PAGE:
County agrees to fund PAMS program
County agrees to fund PAMS program
Friday, August 20. 2010
The Prescription Assistance Medical Services program (PAMS) in Gadsden County will continue.
PAMS, which helps provide free prescription drugs to those without insurance or access to government assistance, received funding by the county commission Tuesday.
Howard McKinnon, chairman of the Gadsden County Health Council, a watchdog group established to oversee grant programs in the county, spoke to the commission concerning the financial status of the program.
According to McKinnon, the program’s funding was set to end in August unless the county used some of the half cent surtax to support the effort.
The program was originally funded through grants.
Howard McKinnon discusses PAMS funding from Havana Herald on Vimeo.
The executive director of the council, Max Martinez, explained that the PAMS program was providing free prescription drugs to over 700 local residents who could not pay for their prescriptions.
About 80 percent of the participants, Martinez said, were elderly patients.
All of the recipients are Gadsden County residents, he added.
PAMS provides prescription drugs through a program with several pharmaceutical companies. Those that receive the prescriptions must apply for the service and are among the estimated 15,000 uninsured and under insured in Gadsden County.
Martinez explained that $81,250 was needed for two employees to administer the program.
Commissioner Sherrie Taylor stated she was for the program but wanted more information concerning the Council’s intended budget.
The discussion then shifted to the way in which the council’s programs were to be funded.
Martinez stated that the council had presented the county administrator with a budget but were asked, because of time constraints, to only discuss the $81,250 request. The remaining budget, he said, was to be discussed at a later date.
County Clerk Nicholas Thomas explained the process concerning how the funds of the half cent tax are set to be disbursed.
According to Thomas, the original ordinance was to have two-thirds of the surtax go toward indigent care with one-third to go toward debt service of the hospital.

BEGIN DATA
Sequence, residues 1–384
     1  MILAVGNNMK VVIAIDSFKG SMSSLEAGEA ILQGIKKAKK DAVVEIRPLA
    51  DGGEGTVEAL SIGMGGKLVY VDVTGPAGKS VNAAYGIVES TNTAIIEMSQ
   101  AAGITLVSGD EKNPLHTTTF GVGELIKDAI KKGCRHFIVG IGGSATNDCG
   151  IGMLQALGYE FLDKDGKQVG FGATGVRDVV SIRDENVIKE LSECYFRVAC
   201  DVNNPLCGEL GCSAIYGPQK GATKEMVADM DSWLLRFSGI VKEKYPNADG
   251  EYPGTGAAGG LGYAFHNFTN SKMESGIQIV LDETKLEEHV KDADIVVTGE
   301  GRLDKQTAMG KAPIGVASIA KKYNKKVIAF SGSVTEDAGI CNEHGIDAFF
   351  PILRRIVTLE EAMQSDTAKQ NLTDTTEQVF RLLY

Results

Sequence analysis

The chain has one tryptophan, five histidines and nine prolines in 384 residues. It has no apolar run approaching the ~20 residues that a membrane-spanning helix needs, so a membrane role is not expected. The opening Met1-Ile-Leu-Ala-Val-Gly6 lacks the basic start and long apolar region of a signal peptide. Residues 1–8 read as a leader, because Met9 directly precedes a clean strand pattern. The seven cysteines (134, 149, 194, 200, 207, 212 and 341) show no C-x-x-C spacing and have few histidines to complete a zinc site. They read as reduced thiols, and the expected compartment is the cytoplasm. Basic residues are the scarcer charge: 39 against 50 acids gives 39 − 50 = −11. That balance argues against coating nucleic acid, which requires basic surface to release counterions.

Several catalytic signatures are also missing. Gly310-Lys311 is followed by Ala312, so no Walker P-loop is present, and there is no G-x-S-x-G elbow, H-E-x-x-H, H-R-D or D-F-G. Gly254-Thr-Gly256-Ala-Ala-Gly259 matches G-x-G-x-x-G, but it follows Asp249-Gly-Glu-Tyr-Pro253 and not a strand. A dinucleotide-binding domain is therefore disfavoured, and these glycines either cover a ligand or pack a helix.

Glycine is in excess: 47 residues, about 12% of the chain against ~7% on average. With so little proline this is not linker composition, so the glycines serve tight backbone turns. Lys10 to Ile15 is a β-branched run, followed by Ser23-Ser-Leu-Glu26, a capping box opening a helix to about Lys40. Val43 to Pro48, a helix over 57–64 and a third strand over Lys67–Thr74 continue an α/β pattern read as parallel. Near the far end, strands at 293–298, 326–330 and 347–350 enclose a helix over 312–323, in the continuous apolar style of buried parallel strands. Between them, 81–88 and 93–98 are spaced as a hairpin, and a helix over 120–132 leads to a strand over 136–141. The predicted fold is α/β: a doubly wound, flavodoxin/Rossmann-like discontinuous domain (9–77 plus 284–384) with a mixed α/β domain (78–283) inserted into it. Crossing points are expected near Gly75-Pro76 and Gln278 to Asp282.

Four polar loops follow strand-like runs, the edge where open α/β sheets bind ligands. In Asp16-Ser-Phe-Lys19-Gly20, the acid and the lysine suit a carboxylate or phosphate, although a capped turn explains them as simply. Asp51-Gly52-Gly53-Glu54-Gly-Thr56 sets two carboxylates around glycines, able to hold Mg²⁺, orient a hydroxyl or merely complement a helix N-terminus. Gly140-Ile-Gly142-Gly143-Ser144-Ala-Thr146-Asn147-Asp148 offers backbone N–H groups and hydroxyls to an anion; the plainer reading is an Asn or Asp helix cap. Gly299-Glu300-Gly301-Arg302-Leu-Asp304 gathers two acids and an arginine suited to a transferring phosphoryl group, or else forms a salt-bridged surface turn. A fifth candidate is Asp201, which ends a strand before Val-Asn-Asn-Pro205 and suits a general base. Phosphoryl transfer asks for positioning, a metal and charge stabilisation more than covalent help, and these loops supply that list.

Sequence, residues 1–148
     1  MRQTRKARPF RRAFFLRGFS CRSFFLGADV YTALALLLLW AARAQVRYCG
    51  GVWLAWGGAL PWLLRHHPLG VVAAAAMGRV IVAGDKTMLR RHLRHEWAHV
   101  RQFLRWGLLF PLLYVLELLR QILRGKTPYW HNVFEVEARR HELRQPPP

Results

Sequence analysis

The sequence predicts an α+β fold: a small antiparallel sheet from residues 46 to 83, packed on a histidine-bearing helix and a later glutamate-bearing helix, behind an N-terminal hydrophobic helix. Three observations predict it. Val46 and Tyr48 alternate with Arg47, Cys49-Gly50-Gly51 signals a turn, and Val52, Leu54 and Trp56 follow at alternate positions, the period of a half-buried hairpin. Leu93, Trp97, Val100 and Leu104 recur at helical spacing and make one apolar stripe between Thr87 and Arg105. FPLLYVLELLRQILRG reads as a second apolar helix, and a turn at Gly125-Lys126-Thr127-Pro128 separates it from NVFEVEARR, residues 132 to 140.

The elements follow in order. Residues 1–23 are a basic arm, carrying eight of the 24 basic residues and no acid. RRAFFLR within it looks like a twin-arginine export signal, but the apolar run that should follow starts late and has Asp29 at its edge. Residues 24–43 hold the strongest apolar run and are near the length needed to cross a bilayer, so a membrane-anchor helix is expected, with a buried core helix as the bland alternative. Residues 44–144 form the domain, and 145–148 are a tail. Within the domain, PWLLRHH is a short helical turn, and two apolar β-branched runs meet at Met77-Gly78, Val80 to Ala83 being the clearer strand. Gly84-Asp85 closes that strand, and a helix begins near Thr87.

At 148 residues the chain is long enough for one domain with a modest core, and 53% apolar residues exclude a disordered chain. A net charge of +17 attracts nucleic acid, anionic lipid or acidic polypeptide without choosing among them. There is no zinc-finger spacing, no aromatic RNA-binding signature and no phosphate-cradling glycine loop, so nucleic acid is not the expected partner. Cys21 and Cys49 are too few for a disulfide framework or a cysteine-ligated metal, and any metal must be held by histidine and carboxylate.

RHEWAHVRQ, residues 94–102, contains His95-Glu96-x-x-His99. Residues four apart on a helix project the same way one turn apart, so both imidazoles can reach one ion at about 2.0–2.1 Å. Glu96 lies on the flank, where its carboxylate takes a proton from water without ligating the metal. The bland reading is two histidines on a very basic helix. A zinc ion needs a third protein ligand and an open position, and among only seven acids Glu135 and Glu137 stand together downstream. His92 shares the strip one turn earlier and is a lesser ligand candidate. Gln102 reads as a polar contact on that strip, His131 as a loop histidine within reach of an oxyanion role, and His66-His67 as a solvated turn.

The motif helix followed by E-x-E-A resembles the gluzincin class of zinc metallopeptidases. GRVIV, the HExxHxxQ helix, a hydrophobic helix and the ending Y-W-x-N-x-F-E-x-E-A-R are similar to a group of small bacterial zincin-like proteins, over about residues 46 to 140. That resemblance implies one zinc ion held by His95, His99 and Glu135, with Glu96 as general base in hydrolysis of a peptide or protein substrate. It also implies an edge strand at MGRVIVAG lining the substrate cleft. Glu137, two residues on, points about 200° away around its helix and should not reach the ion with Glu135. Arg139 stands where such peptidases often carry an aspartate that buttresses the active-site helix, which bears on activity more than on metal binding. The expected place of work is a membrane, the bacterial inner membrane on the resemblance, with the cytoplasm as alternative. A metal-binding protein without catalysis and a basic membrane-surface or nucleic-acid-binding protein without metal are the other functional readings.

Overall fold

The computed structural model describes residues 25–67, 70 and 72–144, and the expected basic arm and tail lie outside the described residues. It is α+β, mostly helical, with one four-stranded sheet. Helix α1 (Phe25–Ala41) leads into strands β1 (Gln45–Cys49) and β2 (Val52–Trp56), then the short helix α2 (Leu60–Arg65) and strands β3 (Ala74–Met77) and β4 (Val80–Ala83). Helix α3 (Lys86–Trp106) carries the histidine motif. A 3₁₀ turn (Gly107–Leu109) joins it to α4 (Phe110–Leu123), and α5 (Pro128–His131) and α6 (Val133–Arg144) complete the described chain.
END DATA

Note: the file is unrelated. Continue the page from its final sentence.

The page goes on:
Original estimates, before a drop in sales taxes, had put the revenue from the surtax at $1.6 million. That figure now, according to Thomas, is at about $1.3 million.
Thomas explained that after the commission voted to reset the percentages at 60 percent ($800,000) for debt payments and allowing the hospital use of half the remaining surtax (20 percent or about $250,000), the council was left with about 20 percent of the revenue (about $250,000) to budget for indigent care.
He added that the surtax revenue expenditures started in April of this year for the debt relief and at this time there is an estimated $400,000 in the fund.
Thomas stated that it was reasonable at this time to allow the council to develop their budget around the remaining funds.
Martinez responded when asked who would administer the budget, saying that it would be done through the local health department.
Morgan asked Thomas if the money was available, and he responded that it was.
He also asked Thomas and county attorney Deborah Minnis if the commission had the authority to use the money, and they responded yes.
Minnis added that the funds would be used in accordance with the plan set out by the commission.
The funding was approved unanimously and the commission will be presented the council’s full budget at a future meeting.
Quincy City Manager Jack McLane made a presentation before the commission concerning new jobs created in the city over the last two years.
According to McLean, 207 jobs have been created including the opening of the hospital which produced 45 jobs and the West End Grille which provided 35 new jobs.
“We have put our money where our mouth is,” McLean said about Quincy’s effort to create new jobs.
He credited the Gadsden County Chamber of Commerce and the combined effort with the county as major factors in creating the new jobs.
All of this is happening, McLean said, with a poor economy.
Commissioner Doug Croley said that this was one of the benefits of bringing the community together to work toward creating jobs.
When the economy improves, Croley said, the county will be sitting in good shape.
“This is the kind of cooperation we need in the county,” Chairman Eugene Lamb stated.
Lamb added that the board would continue to work with the local cities to help bring jobs.
Chamber executive director David Gardner was asked to speak. He stated that the county was “on the cusp of what may be a mini-boom.”
Gardner said he had been working closely with the FAMU Small Business Institute and that there were a number of potential small businesses being developed in the county.
Commissioner Gene Morgan spoke about the recent marketing program the Tourist Development Council was developing. “I believe we have some wind at our back,” Morgan said about the county and the future concerning jobs.
In other business, Morgan mentioned the county jail advisory committee he had asked for in a previous meeting.
Morgan asked that the committee be agendaed for the next meeting to allow the commission to start working on what repairs were needed at the jail.
At the last meeting the board discussed the work at the jail on cell locks.
Clyde Collins, facility manager for the county, spoke on the locks. He said that the type of locks used at the jail were no longer available.
Collins said that the doors work, but do not lock automatically. He has sent out requests for offers on repairs and has only received one favorable response.
Only one door will not lock, he said, but there are two doors behind it that do lock.
Collins said that there were several other issues that he is was working on at the jail at this time as well.
No further action was taken on the matter.